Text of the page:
12 June 2015
In a dangerously close encounter, a Russian fighter jet zipped past a U.S. Air Force reconnaissance aircraft in international airspace over the Black Sea late last month, a report said Thursday, citing several U.S. military officials. The two planes reportedly came within 10 feet of each other while flying at high speed.
The Russian jet flew next to the U.S. spy plane at the same altitude, broke off and then followed the American aircraft before leaving the area in the May 30 incident, CNN reported, adding that U.S. military officials count not confirm whether the government has taken any diplomatic steps to address the incident.
A similar incident took place in April when a U.S. RC-135U aircraft flying a routine flight over the Baltic Sea was intercepted by a Russian SU-27 Flanker. The incident, which occurred in international airspace north of Poland, was reportedly described by Pentagon officials as “unsafe and unprofessional” because of the “aggressive maneuvers” performed by the Russian pilot “in close proximity to their aircraft and its high rate of speed.”
Earlier this month, the U.S. Navy released a video showing a Russian Su-24 aircraft flying past the U.S. guided missile destroyer USS Ross in the Black Sea on May 30.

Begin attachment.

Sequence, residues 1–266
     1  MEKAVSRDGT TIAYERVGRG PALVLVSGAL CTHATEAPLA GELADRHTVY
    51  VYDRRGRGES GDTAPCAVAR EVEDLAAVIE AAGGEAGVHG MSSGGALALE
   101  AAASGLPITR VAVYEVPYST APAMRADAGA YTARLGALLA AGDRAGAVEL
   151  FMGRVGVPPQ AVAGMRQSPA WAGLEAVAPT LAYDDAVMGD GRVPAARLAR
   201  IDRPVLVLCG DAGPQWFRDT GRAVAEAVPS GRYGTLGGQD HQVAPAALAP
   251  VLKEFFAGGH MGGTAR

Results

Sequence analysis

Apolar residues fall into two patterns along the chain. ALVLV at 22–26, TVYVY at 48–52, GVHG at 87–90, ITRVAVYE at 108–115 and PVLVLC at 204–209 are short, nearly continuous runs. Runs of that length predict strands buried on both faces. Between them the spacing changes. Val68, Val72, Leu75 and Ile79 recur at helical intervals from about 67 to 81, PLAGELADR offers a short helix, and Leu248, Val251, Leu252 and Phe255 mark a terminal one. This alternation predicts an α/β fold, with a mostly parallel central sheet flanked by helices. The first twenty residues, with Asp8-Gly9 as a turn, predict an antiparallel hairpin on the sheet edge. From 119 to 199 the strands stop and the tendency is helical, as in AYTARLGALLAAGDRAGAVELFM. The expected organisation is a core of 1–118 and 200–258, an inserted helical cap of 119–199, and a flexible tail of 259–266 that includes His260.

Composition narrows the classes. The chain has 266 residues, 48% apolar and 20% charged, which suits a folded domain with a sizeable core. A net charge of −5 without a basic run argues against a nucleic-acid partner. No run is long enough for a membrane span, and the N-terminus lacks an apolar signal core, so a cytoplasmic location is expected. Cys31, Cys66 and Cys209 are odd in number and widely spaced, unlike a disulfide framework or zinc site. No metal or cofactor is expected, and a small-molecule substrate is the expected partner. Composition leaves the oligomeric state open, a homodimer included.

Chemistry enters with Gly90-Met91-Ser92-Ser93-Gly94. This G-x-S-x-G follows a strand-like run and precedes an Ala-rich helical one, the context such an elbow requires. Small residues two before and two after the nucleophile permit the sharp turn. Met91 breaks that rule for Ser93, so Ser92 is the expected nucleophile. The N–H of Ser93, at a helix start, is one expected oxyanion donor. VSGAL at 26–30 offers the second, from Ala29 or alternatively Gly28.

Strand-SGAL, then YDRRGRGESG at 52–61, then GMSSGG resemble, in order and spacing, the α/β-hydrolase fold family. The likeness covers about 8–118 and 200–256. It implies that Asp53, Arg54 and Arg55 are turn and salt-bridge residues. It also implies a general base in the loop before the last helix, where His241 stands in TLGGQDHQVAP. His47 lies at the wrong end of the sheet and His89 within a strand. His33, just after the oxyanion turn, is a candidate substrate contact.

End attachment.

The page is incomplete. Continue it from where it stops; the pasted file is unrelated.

“USS Ross (DDG 71) observes the overflight by a Russian SU 24 aircraft while both were operating in international waters and airspace,” U.S. Naval Forces wrote in the description of the video. “Ross continued on her mission after observing the aircraft return to base. At no time did Ross act aggressively nor did she deviate from her planned operations.”
On Monday, the U.S. Navy released a video, showing two unidentified jets flying over a NATO maritime exercise, which comprised of dozens of ships and aircraft, in international waters in the Baltic Sea.
According to a recent report by the European Leadership Network, the Russian jets have increased harassment of U.S. and NATO reconnaissance aircraft with close overflights of warships and “mock bombing raid” missions.
“These events add up to a highly disturbing picture of violations of national airspace, emergency scrambles, narrowly avoided mid-air collisions, close encounters at sea, simulated attack runs and other dangerous actions happening on a regular basis over a very wide geographical area,” the report said.